Very often, the impetus for filing bankruptcy is mounting debt and unmanageable monthly payments. Refinancing can help to some degree but if the monthly payments are more than you can handle on your present income, something else has to be done. You may wonder if filing bankruptcy will reduce the amount you have to pay out each month to your creditors.
Under a Chapter 7 bankruptcy, your unsecured debt is usually completely removed by the bankruptcy discharge. There are certain exceptions such as some taxes, child support and student loans. If you want to keep your car as part of your Chapter 7, you will have to keep paying your car loan even though the debt is discharged. Similarly, if you want to keep your house in Chapter 7, paying the mortgage or mortgages is still required. Many of our Chapter 7 clients wind up not owing any of their creditors anything. Many others don’t actually owe anything because the debts are discharged, but still voluntarily pay a car loan or a house payment so they can keep their house or car. Some get rid of all their debt except for their student loans. Others get rid of all their debt except for their taxes. In cases where the taxes are old enough, usually over three years since the return was filed, some even do manage to get rid of their tax debt. This allows you to get a fresh start in life. You can rebuild your credit and get a better handle on your financial life.
With a Chapter 13 debt reorganization plan, your income is first evaluated. All sorts of income can be used including your earned wages, child support, commissions, social security, spousal support, disability benefits, unemployment benefits, workman’s compensation and retirement incomes – as long as the income is received on a regular basis. Gifts might also be included if they are recieved with regularity.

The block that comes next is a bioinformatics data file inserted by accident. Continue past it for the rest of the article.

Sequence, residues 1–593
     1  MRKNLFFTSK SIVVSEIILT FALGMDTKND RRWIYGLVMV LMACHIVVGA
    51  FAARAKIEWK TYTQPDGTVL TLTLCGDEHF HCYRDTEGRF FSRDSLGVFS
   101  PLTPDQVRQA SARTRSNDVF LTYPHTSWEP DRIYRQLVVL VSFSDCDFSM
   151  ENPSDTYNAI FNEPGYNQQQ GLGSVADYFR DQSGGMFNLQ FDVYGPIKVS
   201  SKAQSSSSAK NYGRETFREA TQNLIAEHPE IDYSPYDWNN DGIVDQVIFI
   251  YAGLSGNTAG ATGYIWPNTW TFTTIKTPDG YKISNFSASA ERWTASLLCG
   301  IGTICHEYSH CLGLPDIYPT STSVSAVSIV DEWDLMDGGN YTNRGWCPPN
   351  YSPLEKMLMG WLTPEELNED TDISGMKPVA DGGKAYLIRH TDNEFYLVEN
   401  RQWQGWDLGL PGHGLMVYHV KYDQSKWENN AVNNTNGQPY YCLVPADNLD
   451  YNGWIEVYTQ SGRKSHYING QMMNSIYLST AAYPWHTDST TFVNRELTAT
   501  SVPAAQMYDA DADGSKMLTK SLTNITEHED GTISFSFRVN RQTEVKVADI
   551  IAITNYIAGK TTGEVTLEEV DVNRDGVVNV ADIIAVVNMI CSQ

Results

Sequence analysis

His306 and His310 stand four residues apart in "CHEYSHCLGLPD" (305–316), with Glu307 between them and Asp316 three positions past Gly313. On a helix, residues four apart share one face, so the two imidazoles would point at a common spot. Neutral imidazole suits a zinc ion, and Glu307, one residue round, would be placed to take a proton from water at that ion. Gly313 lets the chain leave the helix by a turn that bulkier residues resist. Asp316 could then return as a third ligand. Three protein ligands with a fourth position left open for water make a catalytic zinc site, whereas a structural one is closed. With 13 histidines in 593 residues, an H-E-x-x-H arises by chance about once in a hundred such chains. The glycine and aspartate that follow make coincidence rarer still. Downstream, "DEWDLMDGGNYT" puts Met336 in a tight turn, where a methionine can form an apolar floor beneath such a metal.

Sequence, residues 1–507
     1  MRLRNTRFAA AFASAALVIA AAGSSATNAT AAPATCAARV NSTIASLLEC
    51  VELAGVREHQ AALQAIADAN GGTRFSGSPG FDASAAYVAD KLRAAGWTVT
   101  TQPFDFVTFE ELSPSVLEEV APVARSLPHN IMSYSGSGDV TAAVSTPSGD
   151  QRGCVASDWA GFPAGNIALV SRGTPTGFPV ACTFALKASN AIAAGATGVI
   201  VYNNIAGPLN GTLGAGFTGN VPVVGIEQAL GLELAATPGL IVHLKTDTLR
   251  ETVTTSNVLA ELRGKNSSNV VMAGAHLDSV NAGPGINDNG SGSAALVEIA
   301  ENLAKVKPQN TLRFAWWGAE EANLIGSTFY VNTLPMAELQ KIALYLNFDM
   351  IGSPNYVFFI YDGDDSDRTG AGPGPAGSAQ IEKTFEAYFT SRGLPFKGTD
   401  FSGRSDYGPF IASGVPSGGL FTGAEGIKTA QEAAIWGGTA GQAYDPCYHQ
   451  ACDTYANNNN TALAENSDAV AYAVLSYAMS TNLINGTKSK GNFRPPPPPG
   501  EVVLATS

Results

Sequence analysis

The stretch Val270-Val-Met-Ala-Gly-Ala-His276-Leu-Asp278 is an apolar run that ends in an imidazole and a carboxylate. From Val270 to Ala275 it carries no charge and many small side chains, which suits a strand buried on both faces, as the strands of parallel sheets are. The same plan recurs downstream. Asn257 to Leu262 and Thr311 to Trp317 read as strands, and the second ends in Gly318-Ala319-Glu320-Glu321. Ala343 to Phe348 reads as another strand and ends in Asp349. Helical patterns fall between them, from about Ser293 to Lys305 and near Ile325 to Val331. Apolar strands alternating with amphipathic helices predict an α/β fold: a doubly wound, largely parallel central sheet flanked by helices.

The next step in Chapter 13 is to determine your normal living expenses. This amount is set aside. Whatever is left after your living expenses is available for debt repayment. If you are unable to repay all of your debts within three to five years, a plan that allows you partially pay down your debt over that time frame is established, sometimes called a “best efforts” plan. The purpose of the partial repayment plan is to pay back as much of what you owe as possible. When you reach the end of the specified time, any amount remaining is discharged. In the majority of Chapter 13 cases, the amount of the monthly payments is set at a relatively low amount that the Debtor can afford. Also, in most Chapter 13 cases, only a small percentage of the overall debt is repaid.
With Chapter 7 you can end up with no monthly payments on unsecured credit related debt. With Chapter 13 you will more than likely have reduced monthly payments. It is best to discuss this with your bankruptcy lawyer to determine the best course of action for your situation.
This post is for general information purposes only, is not legal advice and does not create an attorney-client relationship.